Several authors have suggested the viral origin of asymmetric periflexural exanthem of childhood. Considering the unilateral distribution of the lesions, Neidermeir et al had proposed the hypothesis of increased responsiveness of the affected side of the body to the viral particles.[13]


Microscopic examination of asymmetric periflexural exanthem of childhood is unspecific.[2]  While uncommon, some practitioners have performed a cutaneous biopsy, and when examined microscopically, it may reveal a perivascular, interstitial, and periadnexal lymphohistiocytic infiltrate in the dermis. A histological examination may also reveal epidermal spongiosis and lymphocytic infiltration of the epidermal portion of the eccrine ducts.

History and Physical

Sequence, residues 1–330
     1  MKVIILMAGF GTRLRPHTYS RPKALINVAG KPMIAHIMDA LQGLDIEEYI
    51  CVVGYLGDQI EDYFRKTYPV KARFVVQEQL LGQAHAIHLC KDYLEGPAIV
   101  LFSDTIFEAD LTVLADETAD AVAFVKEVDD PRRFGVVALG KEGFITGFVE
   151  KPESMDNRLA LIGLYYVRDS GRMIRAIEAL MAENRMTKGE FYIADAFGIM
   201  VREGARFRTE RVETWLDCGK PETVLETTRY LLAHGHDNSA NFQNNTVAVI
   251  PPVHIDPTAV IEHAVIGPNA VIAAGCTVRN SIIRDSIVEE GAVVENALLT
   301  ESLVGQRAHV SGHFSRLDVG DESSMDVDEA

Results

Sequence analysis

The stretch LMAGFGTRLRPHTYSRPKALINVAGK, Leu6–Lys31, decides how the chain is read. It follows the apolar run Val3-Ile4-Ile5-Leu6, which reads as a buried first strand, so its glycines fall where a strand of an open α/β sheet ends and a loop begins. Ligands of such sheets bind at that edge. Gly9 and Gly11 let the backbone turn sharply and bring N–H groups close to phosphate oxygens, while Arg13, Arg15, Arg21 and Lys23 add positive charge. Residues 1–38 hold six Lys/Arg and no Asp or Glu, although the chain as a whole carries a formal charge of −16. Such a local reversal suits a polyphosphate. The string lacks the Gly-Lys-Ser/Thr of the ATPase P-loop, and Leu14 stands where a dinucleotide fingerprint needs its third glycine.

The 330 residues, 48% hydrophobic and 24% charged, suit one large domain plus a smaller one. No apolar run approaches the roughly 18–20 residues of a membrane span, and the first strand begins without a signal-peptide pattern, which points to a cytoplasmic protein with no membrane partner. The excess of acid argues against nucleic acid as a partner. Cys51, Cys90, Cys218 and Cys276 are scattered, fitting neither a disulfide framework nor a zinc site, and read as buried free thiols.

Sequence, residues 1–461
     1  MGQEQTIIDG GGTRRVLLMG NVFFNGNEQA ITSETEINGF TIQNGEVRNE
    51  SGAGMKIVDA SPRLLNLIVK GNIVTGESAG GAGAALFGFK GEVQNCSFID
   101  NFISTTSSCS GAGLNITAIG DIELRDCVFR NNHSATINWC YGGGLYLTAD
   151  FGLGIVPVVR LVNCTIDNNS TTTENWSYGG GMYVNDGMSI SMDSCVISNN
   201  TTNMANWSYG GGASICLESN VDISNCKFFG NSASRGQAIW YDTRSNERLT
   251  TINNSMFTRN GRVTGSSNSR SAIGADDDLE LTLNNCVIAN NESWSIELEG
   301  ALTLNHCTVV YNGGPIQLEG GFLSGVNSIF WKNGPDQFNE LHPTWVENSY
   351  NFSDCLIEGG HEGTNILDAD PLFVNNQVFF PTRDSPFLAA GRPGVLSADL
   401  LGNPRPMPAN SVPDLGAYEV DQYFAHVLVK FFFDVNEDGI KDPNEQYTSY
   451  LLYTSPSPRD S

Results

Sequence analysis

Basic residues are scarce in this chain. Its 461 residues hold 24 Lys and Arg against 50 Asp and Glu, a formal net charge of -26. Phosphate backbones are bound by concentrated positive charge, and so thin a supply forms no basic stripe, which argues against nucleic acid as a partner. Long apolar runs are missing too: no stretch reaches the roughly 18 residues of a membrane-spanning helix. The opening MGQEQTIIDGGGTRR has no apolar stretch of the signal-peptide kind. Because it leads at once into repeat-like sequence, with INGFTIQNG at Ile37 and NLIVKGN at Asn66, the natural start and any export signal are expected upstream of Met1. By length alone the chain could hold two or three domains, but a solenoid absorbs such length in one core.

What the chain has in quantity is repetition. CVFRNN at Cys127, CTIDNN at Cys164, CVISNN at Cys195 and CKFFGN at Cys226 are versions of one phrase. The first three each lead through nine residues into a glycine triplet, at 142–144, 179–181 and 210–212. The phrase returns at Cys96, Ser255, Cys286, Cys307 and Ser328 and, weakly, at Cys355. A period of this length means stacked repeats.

The initial presentation is classically unilateral and presents as a macular-papular scarlatiniform eruption that starts in 1 axillary fold. Still, it can also begin in other flexures, such as the thigh, flank, or inguinal fold. Subsequently, after 10 to 15 days, the rash may spread to involve the thorax, the corresponding arm, and the contralateral side in 70% of cases, but it generally maintains its asymmetrical nature.[9] Occasionally, the lesions are serpiginous with central blue-gray coloration. In the resolving phase, lesions may become dusky appearing and eventually desquamate. Usually, the eruption spares the face, palms, soles, and mucous membranes. Lichenification is not a typical feature. Itching and mild local lymphadenopathy is present in 50% of cases. Sometimes, other features of viral infection can occur at the onset of the rash, such as a fever, sore throat, vomiting, and diarrhea. General health is not affected, and all symptoms disappear on average between 4 and 6 weeks without recurrences or scars.